Book review: City of Friends

STACEY, Gaby, Beth and Melissa all met at university in London, the only female students in a roomful of men studying economics.

More than two decades later, all four are successful in their chosen careers. They remain close friends but live quite different lives. Melissa is the single mother of a teenage boy; Gaby's career-driven, not particularly maternal, but cherishes her three children; Stacey's happily married; and Beth is gay and in a long-term relationship.

When we meet the four friends, Stacey's just lost her job. Her mother's been diagnosed with dementia and is moving in with Stacey and her supportive husband. But Stacey needs flexible work arrangements and despite her flawless reputation as a senior partner at her firm, her request is denied and she's suddenly made redundant.

This change is the catalyst for much that follows, and a turning point in the lives of all four women, now in their late 40s.

City of Friends is Trollope's 20th novel and again the popular English writer challenges readers by examining the fragile nature of relationships amid changing circumstances.

Although possibly more successful, the four women could be anyone readers know. Friends, family or neighbours. The characters are all relatable and very realistic.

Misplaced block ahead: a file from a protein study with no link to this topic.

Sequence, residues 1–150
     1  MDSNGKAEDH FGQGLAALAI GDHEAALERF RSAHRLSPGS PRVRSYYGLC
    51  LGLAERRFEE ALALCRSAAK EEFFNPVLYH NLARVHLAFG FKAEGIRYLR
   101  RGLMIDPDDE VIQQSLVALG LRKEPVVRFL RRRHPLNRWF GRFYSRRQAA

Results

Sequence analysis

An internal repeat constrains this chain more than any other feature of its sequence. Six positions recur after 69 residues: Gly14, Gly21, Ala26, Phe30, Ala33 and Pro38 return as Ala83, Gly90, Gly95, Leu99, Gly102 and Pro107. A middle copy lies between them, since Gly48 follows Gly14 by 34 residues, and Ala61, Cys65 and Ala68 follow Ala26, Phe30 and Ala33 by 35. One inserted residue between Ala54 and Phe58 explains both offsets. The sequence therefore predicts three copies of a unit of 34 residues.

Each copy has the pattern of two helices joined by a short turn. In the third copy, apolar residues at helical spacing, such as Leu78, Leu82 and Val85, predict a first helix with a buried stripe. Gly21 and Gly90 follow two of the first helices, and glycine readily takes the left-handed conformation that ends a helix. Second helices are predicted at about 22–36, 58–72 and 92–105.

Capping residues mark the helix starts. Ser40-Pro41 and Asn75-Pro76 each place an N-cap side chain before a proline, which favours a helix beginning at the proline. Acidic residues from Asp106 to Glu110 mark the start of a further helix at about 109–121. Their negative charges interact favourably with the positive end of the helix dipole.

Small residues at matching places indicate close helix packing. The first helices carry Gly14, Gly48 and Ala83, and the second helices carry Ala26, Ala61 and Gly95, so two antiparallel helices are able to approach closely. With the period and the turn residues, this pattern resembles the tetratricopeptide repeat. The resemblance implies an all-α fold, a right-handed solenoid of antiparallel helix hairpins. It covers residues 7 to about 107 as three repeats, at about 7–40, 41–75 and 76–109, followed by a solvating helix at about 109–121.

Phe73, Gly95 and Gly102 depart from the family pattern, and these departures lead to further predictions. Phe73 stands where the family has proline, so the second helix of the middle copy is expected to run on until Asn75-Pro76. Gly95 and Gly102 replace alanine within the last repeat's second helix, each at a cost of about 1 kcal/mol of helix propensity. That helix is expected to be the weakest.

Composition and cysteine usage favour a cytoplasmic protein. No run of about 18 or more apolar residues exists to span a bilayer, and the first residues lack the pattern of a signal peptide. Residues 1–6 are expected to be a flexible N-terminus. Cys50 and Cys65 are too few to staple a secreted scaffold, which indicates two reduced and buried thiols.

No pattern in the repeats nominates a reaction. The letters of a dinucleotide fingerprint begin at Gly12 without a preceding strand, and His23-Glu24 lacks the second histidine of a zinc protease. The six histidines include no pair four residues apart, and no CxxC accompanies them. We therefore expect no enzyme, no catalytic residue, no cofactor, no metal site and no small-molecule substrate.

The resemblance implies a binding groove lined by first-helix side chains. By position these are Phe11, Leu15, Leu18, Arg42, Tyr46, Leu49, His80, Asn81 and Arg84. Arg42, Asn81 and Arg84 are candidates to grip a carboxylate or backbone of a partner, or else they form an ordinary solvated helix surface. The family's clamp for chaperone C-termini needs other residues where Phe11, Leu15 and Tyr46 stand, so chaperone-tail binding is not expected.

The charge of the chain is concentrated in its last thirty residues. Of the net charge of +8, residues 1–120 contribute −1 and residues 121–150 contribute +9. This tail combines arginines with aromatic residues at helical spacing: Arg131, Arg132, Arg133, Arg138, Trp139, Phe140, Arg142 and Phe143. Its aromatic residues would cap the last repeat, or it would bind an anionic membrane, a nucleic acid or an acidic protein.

They're grappling with parenting, marriage, careers and family commitments. Stacey's difficulties with her mother and the challenges she faces as a daughter and wife are particularly interesting; as is the way in which she views her role in life following the loss of a career to which she's devoted herself.

Beth's confronted with something that makes her question her priorities; Gaby's sturdy home life and loyalty to her friends is threatened; and Melissa's close relationship with her son is tested by the re-appearance of his father and new family.

This well-written and addictive novel will appeal to a broad audience and be of particular interest to those in similar circumstances. And - though it's a feel-good read - Trollope thankfully avoids an overly sentimental fairytale ending for all of our characters.



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